In the present study, the efficacy of Invisalign and Flash aligner systems has been compared by measuring the discrepancies between virtual treatment plans and actual treatment outcomes using a mathematical superimposition of digital models. In previous studies that assessed the accuracy of clear aligner therapy, the ABO model grading system [25-27], ToothMeasure® (Align Technology) [12, 28] or Surfacer® (Imageware, Plano, Tex) software [13] were used. While these tools were able to give a general evaluation of accuracy, the software used in the current study is uniquely able to quantify differences between objects with respect to six degrees of freedom [15, 22]. The eModel Compare software calculates the differences automatically and is not influenced by potential operator bias. It has been used previously by Grunheid et al. [15], Awad et al. [29], and Haoulli et al. [30]. In a 2017 retrospective study on the accuracy of Invisalign® in nonextraction cases, Grunheid et al. [15] found statistically significant differences between predicted and achieved movements for most tooth movements, however none were clinically relevant. These results are consistent with the results of the present study, which also showed that while all differences between predicted and achieved tooth movements with Invisalign® were statistically significant, all angular values exceeded the threshold for clinical relevance by greater than 2°.

Kravitz et al. [12] indicated that mandibular canine mesio-distal tipping was one of the least accurate tooth movements for Invisalign®. In addition, the systematic review by Rossini et al. [14] also concluded that teeth inclinations seem to be among the limitations of Invisalign® regarding accuracy. These findings were reflected in the Invisalign® results of the present study, with the discrepancies for the maxillary and mandibular tip for all anterior teeth being clinically and statistically significant. Both Kravitz et al. [12] and Charamlampakis et al. [16] indicated that mandibular canine rotations were also problematic for Invisalign®. These outcomes were reproduced in the present study, with the mandibular rotational discrepancy for all anterior teeth exceeding 2°. Castroflorio et al. [31] concluded that maxillary incisor torque could be accurately expressed using Invisalign® Power Ridges. On the contrary, however, Simon et al. [13] indicated that incisor torque accuracy was low. Results of the present study agreed with the latter, statistically and clinically significant discrepancies were observed for all maxillary and mandibular anterior teeth with regard to torque with Invisalign®.

Current scholarly literature states that there will always be a certain amount of discrepancy between the digital setup and the achieved clinical outcome [18-20, 32]. This is due to the inevitable deformation and loss of elasticity of the aligner when used for extended periods of time, reducing its efficacy in producing tooth movement [33]. According to our results, there were no clinically significant differences between the Invisalign® and Flash® groups, with Flash® being more (statistically) significantly accurate than Invisalign® in achieving predicted tipping movements for maxillary central incisors (1.3°), BL movements for maxillary canines (0.1mm), and mandibular central incisor rotations (1°).

On a detailed analysis of individual tooth movement accuracy, a trend of linear movements (MD, BL, OG) tracking better than angular movements (tip, torque, rotations) was observed (Table 2). All Invisalign® angular discrepancies and most Flash® angular discrepancies exceeded the clinically acceptable threshold of 2 degrees. Between the three anterior teeth, the maxillary central incisors were statistically (not clinically) less accurate than lateral incisors and/or canines for BL, OG, and torque movements.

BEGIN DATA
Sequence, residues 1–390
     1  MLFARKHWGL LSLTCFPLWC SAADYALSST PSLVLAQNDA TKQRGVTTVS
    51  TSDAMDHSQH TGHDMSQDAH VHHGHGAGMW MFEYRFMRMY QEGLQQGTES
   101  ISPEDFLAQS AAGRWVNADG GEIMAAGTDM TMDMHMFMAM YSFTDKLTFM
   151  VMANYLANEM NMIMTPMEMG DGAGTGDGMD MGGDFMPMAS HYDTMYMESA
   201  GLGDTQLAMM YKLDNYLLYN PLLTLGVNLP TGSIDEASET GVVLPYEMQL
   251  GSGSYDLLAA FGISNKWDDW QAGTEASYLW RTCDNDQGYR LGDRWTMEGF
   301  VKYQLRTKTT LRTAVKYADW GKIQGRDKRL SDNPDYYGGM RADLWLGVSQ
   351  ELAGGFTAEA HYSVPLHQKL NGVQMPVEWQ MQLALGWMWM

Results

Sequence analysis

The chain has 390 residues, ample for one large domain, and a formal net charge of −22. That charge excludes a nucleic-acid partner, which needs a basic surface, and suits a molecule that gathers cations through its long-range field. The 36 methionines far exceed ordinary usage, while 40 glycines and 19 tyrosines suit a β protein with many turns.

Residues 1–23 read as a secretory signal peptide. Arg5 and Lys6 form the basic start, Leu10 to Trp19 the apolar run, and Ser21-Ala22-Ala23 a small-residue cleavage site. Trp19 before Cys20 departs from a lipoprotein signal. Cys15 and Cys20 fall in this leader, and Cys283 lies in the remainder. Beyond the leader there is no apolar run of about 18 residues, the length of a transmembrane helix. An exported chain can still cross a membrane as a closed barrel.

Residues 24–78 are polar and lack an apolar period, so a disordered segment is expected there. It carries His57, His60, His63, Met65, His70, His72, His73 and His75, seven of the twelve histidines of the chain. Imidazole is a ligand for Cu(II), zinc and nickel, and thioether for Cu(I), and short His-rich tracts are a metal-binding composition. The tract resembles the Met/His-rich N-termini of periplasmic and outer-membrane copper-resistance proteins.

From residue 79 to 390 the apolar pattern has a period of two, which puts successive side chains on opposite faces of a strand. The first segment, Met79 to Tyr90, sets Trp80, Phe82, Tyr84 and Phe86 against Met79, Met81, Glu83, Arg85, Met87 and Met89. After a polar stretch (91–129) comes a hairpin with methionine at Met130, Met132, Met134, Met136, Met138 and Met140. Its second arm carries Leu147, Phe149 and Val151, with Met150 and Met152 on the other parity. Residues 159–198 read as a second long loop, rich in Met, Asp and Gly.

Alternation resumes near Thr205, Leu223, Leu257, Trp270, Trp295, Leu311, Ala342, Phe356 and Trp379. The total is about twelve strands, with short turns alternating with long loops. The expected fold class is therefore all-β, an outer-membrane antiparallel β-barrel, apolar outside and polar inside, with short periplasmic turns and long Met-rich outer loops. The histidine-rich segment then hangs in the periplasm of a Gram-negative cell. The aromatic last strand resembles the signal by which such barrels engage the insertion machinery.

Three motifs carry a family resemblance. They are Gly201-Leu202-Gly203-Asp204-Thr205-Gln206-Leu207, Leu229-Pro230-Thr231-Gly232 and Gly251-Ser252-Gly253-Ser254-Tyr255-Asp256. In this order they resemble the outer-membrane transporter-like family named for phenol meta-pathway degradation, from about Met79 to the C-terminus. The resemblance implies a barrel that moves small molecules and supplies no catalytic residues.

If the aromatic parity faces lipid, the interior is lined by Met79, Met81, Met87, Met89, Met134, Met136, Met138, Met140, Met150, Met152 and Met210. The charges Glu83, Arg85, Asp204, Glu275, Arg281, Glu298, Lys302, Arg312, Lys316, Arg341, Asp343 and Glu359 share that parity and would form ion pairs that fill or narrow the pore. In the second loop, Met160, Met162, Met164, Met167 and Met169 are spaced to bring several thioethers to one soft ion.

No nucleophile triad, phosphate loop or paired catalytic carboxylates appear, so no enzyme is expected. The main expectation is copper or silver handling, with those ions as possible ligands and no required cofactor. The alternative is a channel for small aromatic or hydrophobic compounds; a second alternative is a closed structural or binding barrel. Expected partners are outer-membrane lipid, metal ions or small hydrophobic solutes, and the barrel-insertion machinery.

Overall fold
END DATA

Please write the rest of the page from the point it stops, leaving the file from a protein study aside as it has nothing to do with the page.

Our results suggest that the accuracy of virtual simulations with Flash® is comparable with Invisalign® despite the cost of Flash being lower than Invisalign, and hence the null hypothesis can be accepted. The factors that could influence the differences between the groups, however insignificant in the present study, are 1) aligner material, 2) staging parameters and algorithms, 3) demographics of patient selection between groups, 4) quantum of tooth movement in individual teeth in a given patient or group, 5) attachment geometry, size, etc., and 6) accuracy and staging of IPR [18-20, 32, 34].

The number of CAT service providers is increasing globally [35]. Newer CAT products, where orthodontists make simulations based on commercially available software, such as OrthoAnalyzer, uLab, Archform, Blue Sky Plan and Orchestrate, etc., are gaining immense popularity as well [36]. Flash® is one such provider in emerging markets. All scholarly literature evaluating the efficacy and other clinical outcomes are based on data derived from Invisalign® treated cases only. Independent peer-reviewed independent evaluation of data from other systems is imperative for quantification of the efficacy and development of aligner science in totality. The results of the present study indicate that the digital simulations used in both systems were not accurate, with clinically significant differences present for most angular movements. These results, however, should be interpreted with caution as these aligner systems use the treating orthodontist’s input and technician’s expertise for preparing digital simulations. These evaluations do not take into account clinical scenarios like refinement protocols [16] which are a given in contemporary aligner therapy, as well as do not account for the fact that over-corrections may be built into virtual simulations.


There were no clinically important differences in clinical accuracy and efficacy between Invisalign® and Flash® aligners in achieving predicted tooth positions.


The study was approved by the European University College IRB Committee (IRB/EU/PC-0456/18).


No animals were used for studies that are the basis of this research. All the humans used were in accordance with the ethical standards of the committee responsible for human experimentation (institutional and national), and with the Helsinki Declaration of 1975, as revised in 2013.